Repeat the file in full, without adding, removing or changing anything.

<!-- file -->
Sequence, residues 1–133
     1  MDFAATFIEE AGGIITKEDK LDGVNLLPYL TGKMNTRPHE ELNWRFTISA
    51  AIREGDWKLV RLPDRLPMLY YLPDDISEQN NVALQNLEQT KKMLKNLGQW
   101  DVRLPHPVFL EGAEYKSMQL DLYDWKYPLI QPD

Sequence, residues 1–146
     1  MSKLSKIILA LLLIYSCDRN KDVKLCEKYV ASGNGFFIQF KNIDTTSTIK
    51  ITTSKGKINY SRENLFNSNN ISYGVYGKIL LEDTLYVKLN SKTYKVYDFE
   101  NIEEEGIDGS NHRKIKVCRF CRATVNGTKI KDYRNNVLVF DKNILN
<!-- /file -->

Sequence, residues 1–133
     1  MDFAATFIEE AGGIITKEDK LDGVNLLPYL TGKMNTRPHE ELNWRFTISA
    51  AIREGDWKLV RLPDRLPMLY YLPDDISEQN NVALQNLEQT KKMLKNLGQW
   101  DVRLPHPVFL EGAEYKSMQL DLYDWKYPLI QPD

Sequence, residues 1–146
     1  MSKLSKIILA LLLIYSCDRN KDVKLCEKYV ASGNGFFIQF KNIDTTSTIK
    51  ITTSKGKINY SRENLFNSNN ISYGVYGKIL LEDTLYVKLN SKTYKVYDFE
   101  NIEEEGIDGS NHRKIKVCRF CRATVNGTKI KDYRNNVLVF DKNILN